Currently just 0.6% of cars do not have road tax, which equates to something like £35 million in lost revenue from the 210,000 cars concerned. The RAC are worried that the same number of drivers won’t have insurance either.
The DVLA aren’t having it: ”There is absolutely no basis to these figures and it is nonsense to suggest that getting rid of the tax disc will lead to an increase in vehicle tax evasion,” said a spokesperson.
Sugar. Yummy, delicious sugar. It tastes nice, so we like to eat it, even if we are all obese and getting fatter/diabetes/rotten teeth. But what can we do about it? Well a new report into tooth decay recommends slashing the maximum recommended intake to almost a quarter of WHO limits, with a bonus ‘sugar tax’ to help us all decide not to eat sugary treats anymore.
The World Health Organisation (WHO) recently lowered the recommended sugar limits to a maximum of 50g per day for the average adult and ideally no more than 25g, but a new report from doctors at University College London and the London School of Hygiene & Tropical Medicine warns this is still too high, calling for a limit of just 14g per day.
The study, which looked at rates of tooth decay in comparison to average sugar intake, found that people who eat little or no added sugar had little or no tooth decay. As a result, the authors want to impose a maximum sugar intake of five per cent of total calories per day and ideally less than three per cent. Three per cent of total calories would be around 14g for the average adult – less than half a can of fizzy drink or four blocks of Cadbury’s Dairy Milk chocolate. For children this would be even lower, with seven-year-olds munching no more than 11g of sugar, or three squares of Dairy Milk.
Now, before anyone starts ranting that no-one, let alone a seven year old, should be munching bars of dairy milk everyday, the sugar limit would also include all sugar added to food by manufacturers (ever checked the sugar content of a ready meal?) or at home, but also natural sugars present in things like honey and fruit juice.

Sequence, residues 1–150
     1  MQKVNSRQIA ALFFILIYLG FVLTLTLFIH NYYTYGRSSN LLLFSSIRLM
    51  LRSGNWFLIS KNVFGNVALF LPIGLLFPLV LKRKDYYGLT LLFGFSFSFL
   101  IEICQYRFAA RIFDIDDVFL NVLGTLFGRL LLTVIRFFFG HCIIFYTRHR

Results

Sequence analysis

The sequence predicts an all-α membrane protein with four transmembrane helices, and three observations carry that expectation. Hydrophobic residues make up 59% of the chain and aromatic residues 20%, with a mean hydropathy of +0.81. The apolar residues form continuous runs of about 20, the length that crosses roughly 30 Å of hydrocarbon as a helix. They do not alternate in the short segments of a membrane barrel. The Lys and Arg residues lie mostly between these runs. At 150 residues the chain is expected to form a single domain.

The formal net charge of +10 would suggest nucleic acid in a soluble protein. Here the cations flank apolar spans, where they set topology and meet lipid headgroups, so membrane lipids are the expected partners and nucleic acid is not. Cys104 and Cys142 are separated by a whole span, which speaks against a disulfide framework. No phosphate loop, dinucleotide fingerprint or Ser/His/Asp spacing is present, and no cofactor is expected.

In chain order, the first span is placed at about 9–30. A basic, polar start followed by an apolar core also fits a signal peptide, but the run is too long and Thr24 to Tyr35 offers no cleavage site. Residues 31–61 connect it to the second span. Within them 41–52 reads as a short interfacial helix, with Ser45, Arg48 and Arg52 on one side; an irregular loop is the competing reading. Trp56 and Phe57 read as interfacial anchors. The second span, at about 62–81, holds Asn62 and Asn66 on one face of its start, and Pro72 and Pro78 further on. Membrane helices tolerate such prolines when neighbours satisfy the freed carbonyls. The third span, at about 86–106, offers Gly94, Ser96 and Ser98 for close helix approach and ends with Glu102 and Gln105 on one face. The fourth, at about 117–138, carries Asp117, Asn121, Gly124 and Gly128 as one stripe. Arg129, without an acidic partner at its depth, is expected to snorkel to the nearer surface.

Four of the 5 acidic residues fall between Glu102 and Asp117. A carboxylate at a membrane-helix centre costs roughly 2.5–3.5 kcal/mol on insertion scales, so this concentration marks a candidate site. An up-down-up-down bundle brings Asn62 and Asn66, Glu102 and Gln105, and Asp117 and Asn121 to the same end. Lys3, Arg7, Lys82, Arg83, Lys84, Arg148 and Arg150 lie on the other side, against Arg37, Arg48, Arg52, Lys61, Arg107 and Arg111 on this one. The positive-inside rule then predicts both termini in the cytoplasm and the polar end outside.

Co-author Professor Philip James, Honorary Professor of Nutrition at the London School of Hygiene & Tropical Medicine and past President World Obesity Federation, said “A sugars tax should be developed to increase the cost of sugar-rich food and drinks.”
“This would be simplest as a tax on sugar as a mass commodity, since taxing individual foods depending on their sugar content is an enormously complex administrative process. The retail price of sugary drinks and sugar rich foods needs to increase by at least 20 per cent to have a reasonable effect on consumer demand so this means a major tax on sugars as a commodity. The level will depend on expert analyses but my guess is that a 100 per cent tax might be required.”
A 100% tax seems quite hefty, but he might be right. Demand for sweet treats is fairly inelastic- meaning that if you want one, you will buy one, without worrying too much about the cost. In order for a sugar tax to have an actual effect, and not just be absorbed into rising costs of living, it needs to be a doozy of a tax, doubling the cost of the ‘bad’ items.
But would it work? If you really want a Mars bar would you pay £1.20 for a Mars bar if you really needed to work rest and play? Or 84p for a can of coke? And let’s not forget that once upon a time Freddos were 10p. Look at them now even without a sugar tax surcharge.
Let’s face it, we probably have all paid similar prices for these products at airports or motorway service stations in the past. But would we just happily keep on paying this amount or would such a high price make us cut down our consumption? Or should the Government just naff off and leave us to enjoy whatever we want to fill our faces with in peace?